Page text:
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Olinick, S.L. (1957). Questioning and Pain, Truth and Negation. J. Amer. Psychoanal. Assn., 5:302-324.

(1957). Journal of the American Psychoanalytic Association, 5:302-324

Questioning and Pain, Truth and Negation

Stanley L. Olinick, M.D.

In a previous communication, I examined the use of questioning as it pertains to psychoanalytic technique (33). Further exploration of the psychology of the question, including its applicability to problems of technique, is here attempted; concerning this, my earlier paper may be regarded as preamble and pragmatic survey. The view will be taken that the question is a relatively unique phenomenon in the interrelationship of thought and language, of language and metapsychology. My thesis is that any act of questioning is an instance of the general "interrogation of nature" that has come to be the special prerogative of science and philosophy; that, in whatever context, questioning is an aggressive, and often violent act, inextricably linked with a seeking out of knowledge and truth, variously defined; that the discerning of this "truth" with the aid of the question is a painful process, against which the human organism has erected quite efficient defenses; and that, paradoxically, the question not infrequently is utilized to bar access to what might become known. In this connection, the relationship of questioning and the defense mechanism of negation will be examined.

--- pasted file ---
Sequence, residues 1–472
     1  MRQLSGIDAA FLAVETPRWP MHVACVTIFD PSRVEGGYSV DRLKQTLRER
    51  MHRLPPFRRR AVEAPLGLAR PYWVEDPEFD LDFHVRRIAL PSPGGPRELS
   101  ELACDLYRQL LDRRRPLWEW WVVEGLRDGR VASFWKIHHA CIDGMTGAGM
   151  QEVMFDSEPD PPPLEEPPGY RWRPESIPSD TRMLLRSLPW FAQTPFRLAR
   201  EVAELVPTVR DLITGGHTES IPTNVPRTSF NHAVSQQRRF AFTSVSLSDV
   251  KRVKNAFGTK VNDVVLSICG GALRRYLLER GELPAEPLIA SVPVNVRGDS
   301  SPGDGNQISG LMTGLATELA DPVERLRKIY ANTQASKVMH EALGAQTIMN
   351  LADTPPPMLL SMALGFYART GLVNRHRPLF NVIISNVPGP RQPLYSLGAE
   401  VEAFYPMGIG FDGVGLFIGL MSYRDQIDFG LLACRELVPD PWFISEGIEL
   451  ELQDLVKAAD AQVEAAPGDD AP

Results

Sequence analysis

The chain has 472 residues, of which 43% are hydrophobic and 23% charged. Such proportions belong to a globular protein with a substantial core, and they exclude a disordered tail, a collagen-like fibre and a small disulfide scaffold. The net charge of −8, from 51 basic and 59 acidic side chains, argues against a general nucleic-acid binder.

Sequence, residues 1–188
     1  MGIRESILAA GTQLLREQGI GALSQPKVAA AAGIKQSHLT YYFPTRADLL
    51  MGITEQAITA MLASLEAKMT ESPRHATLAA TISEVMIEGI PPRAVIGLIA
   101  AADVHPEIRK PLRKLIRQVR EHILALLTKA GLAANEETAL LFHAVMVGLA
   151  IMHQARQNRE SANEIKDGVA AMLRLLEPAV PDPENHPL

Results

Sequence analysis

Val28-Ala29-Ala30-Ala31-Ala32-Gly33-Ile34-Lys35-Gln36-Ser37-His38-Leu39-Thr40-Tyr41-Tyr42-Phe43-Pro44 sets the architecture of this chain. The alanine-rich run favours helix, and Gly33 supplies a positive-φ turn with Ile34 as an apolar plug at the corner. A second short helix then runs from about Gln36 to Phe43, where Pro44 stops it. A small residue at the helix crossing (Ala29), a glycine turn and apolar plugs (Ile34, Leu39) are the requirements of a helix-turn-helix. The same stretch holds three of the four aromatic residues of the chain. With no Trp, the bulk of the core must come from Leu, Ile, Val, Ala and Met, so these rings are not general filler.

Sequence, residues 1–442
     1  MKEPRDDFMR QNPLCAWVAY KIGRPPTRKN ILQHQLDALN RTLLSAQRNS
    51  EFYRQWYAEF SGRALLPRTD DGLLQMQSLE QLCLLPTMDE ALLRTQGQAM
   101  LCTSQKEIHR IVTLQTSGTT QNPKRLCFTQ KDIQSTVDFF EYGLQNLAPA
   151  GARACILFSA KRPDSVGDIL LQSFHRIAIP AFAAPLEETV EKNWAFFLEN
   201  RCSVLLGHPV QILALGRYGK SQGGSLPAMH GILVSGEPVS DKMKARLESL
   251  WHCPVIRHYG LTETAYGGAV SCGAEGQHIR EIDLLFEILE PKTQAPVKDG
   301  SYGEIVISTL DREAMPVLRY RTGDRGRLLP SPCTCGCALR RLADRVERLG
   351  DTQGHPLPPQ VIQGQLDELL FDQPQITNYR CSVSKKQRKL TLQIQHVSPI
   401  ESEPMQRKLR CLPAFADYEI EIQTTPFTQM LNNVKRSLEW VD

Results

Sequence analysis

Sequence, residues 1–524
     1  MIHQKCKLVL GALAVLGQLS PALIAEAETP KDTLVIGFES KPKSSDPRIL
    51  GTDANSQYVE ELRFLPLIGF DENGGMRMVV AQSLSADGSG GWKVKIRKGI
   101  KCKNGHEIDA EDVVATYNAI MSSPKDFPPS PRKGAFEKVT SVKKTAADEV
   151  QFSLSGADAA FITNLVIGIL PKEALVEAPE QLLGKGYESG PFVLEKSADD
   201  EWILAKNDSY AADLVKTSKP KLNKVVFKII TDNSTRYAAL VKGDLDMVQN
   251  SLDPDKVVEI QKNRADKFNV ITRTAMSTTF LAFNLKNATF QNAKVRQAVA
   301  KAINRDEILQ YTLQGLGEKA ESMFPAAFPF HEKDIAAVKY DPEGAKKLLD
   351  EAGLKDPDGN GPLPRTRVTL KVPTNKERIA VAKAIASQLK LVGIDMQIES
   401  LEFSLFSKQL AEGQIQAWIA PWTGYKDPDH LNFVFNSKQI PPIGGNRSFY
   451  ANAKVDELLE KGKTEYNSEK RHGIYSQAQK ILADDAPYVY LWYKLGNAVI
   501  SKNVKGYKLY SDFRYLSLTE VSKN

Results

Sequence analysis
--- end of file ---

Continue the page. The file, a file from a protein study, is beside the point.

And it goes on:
The phrase, "psychology of the question, " is of course elliptic: what is intended is "the psychology of the person while he is in the act of questioning."

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